Based on kernel version 3.19. Page generated on 2015-02-13 21:22 EST.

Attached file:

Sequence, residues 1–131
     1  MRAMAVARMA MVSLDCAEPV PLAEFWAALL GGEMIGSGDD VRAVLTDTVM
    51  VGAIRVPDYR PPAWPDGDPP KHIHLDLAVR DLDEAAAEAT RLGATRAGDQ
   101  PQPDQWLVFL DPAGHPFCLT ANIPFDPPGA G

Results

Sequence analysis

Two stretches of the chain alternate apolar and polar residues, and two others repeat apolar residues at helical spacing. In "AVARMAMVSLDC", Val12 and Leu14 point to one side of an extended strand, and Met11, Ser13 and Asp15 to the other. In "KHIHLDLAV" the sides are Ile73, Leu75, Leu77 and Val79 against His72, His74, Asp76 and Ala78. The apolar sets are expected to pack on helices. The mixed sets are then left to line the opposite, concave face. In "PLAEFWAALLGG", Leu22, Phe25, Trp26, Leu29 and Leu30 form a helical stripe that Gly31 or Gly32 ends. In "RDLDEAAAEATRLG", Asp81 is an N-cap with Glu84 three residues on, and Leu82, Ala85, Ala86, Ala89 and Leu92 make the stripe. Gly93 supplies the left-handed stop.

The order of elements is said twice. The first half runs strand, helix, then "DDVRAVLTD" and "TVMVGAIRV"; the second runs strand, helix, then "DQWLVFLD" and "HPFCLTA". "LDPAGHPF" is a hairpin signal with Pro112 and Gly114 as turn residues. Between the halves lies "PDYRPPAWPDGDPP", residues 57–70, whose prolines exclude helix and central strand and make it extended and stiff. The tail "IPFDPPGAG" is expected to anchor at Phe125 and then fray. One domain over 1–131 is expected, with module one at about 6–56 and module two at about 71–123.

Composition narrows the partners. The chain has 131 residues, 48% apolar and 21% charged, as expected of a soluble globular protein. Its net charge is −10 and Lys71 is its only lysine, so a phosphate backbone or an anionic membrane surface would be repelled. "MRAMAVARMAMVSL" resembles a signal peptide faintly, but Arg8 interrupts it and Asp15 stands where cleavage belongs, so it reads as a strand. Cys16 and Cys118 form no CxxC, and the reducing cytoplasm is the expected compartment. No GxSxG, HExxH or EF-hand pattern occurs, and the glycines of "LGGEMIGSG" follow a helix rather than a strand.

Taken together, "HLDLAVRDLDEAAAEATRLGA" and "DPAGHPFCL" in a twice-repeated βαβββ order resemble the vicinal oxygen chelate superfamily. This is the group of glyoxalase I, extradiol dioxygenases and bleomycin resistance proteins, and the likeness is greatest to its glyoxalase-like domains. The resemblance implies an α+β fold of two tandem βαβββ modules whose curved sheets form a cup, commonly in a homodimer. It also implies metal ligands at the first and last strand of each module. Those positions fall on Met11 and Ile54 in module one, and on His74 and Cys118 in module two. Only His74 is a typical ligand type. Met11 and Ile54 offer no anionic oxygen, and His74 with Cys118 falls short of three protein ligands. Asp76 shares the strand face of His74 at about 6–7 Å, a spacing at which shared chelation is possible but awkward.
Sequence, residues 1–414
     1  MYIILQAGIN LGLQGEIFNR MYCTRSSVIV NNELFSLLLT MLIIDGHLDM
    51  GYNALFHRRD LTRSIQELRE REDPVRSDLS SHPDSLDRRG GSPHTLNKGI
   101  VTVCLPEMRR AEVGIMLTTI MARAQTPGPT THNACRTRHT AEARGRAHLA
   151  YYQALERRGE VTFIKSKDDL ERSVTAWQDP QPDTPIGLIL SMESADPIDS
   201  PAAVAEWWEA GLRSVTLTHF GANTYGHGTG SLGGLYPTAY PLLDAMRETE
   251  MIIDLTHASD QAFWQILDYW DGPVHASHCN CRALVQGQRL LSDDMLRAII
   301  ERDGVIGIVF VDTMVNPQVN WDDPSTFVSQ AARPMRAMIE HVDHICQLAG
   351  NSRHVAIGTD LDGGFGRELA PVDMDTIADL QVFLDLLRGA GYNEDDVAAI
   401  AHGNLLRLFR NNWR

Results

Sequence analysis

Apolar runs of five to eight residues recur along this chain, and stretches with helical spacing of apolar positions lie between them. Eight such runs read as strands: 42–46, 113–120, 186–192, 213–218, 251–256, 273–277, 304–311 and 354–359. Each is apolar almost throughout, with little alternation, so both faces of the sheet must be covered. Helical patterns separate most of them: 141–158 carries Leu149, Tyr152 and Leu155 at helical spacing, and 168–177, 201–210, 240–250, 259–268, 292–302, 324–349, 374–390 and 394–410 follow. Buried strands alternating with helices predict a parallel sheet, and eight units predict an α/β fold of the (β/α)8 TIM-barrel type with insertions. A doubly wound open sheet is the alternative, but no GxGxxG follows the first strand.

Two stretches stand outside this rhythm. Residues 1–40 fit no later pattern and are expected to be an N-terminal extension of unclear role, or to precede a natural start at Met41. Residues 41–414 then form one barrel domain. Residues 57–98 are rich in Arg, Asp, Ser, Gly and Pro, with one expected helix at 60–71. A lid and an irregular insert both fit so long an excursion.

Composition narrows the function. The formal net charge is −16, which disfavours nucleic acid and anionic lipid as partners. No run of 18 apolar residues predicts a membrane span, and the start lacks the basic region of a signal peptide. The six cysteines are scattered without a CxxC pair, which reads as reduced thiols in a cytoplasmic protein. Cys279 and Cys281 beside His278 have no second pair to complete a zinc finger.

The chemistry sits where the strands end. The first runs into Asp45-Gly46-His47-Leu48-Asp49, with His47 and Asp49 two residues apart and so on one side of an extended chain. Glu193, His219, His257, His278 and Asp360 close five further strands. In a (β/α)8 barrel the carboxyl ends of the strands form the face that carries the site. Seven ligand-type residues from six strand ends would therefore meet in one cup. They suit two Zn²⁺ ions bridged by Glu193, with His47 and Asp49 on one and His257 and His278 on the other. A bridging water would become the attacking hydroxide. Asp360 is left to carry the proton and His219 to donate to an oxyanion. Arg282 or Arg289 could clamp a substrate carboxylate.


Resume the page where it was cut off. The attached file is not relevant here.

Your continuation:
1 This document explains the thinking about the revamped and streamlined 2 nice-levels implementation in the new Linux scheduler. 3 4 Nice levels were always pretty weak under Linux and people continuously 5 pestered us to make nice +19 tasks use up much less CPU time. 6 7 Unfortunately that was not that easy to implement under the old 8 scheduler, (otherwise we'd have done it long ago) because nice level 9 support was historically coupled to timeslice length, and timeslice 10 units were driven by the HZ tick, so the smallest timeslice was 1/HZ. 11 12 In the O(1) scheduler (in 2003) we changed negative nice levels to be 13 much stronger than they were before in 2.4 (and people were happy about 14 that change), and we also intentionally calibrated the linear timeslice 15 rule so that nice +19 level would be _exactly_ 1 jiffy. To better 16 understand it, the timeslice graph went like this (cheesy ASCII art 17 alert!): 18 19 20 A 21 \ | [timeslice length] 22 \ | 23 \ | 24 \ | 25 \ | 26 \|___100msecs 27 |^ . _ 28 | ^ . _ 29 | ^ . _ 30 -*----------------------------------*-----> [nice level] 31 -20 | +19 32 | 33 | 34 35 So that if someone wanted to really renice tasks, +19 would give a much 36 bigger hit than the normal linear rule would do. (The solution of 37 changing the ABI to extend priorities was discarded early on.) 38 39 This approach worked to some degree for some time, but later on with 40 HZ=1000 it caused 1 jiffy to be 1 msec, which meant 0.1% CPU usage which 41 we felt to be a bit excessive. Excessive _not_ because it's too small of 42 a CPU utilization, but because it causes too frequent (once per 43 millisec) rescheduling. (and would thus trash the cache, etc. Remember, 44 this was long ago when hardware was weaker and caches were smaller, and 45 people were running number crunching apps at nice +19.) 46 47 So for HZ=1000 we changed nice +19 to 5msecs, because that felt like the 48 right minimal granularity - and this translates to 5% CPU utilization. 49 But the fundamental HZ-sensitive property for nice+19 still remained, 50 and we never got a single complaint about nice +19 being too _weak_ in 51 terms of CPU utilization, we only got complaints about it (still) being 52 too _strong_ :-) 53 54 To sum it up: we always wanted to make nice levels more consistent, but 55 within the constraints of HZ and jiffies and their nasty design level 56 coupling to timeslices and granularity it was not really viable. 57 58 The second (less frequent but still periodically occurring) complaint 59 about Linux's nice level support was its assymetry around the origo 60 (which you can see demonstrated in the picture above), or more 61 accurately: the fact that nice level behavior depended on the _absolute_ 62 nice level as well, while the nice API itself is fundamentally 63 "relative": 64 65 int nice(int inc); 66 67 asmlinkage long sys_nice(int increment) 68 69 (the first one is the glibc API, the second one is the syscall API.) 70 Note that the 'inc' is relative to the current nice level. Tools like 71 bash's "nice" command mirror this relative API. 72 73 With the old scheduler, if you for example started a niced task with +1 74 and another task with +2, the CPU split between the two tasks would 75 depend on the nice level of the parent shell - if it was at nice -10 the 76 CPU split was different than if it was at +5 or +10. 77 78 A third complaint against Linux's nice level support was that negative 79 nice levels were not 'punchy enough', so lots of people had to resort to 80 run audio (and other multimedia) apps under RT priorities such as 81 SCHED_FIFO. But this caused other problems: SCHED_FIFO is not starvation 82 proof, and a buggy SCHED_FIFO app can also lock up the system for good. 83 84 The new scheduler in v2.6.23 addresses all three types of complaints: 85 86 To address the first complaint (of nice levels being not "punchy" 87 enough), the scheduler was decoupled from 'time slice' and HZ concepts 88 (and granularity was made a separate concept from nice levels) and thus 89 it was possible to implement better and more consistent nice +19 90 support: with the new scheduler nice +19 tasks get a HZ-independent 91 1.5%, instead of the variable 3%-5%-9% range they got in the old 92 scheduler. 93 94 To address the second complaint (of nice levels not being consistent), 95 the new scheduler makes nice(1) have the same CPU utilization effect on 96 tasks, regardless of their absolute nice levels. So on the new 97 scheduler, running a nice +10 and a nice 11 task has the same CPU 98 utilization "split" between them as running a nice -5 and a nice -4 99 task. (one will get 55% of the CPU, the other 45%.) That is why nice 100 levels were changed to be "multiplicative" (or exponential) - that way 101 it does not matter which nice level you start out from, the 'relative 102 result' will always be the same. 103 104 The third complaint (of negative nice levels not being "punchy" enough 105 and forcing audio apps to run under the more dangerous SCHED_FIFO 106 scheduling policy) is addressed by the new scheduler almost 107 automatically: stronger negative nice levels are an automatic 108 side-effect of the recalibrated dynamic range of nice levels.